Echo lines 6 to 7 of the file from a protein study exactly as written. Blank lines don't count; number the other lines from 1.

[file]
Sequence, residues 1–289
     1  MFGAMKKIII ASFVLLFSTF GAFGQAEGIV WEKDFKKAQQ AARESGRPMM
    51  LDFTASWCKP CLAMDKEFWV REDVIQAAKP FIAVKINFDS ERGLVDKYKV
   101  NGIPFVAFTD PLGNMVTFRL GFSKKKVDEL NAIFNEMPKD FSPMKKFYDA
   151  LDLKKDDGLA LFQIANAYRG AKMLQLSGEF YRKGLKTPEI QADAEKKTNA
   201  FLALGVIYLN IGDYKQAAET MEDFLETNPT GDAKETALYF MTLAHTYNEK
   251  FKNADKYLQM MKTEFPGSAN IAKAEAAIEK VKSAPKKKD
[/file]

   201  FLALGVIYLN IGDYKQAAET MEDFLETNPT GDAKETALYF MTLAHTYNEK
   251  FKNADKYLQM MKTEFPGSAN IAKAEAAIEK VKSAPKKKD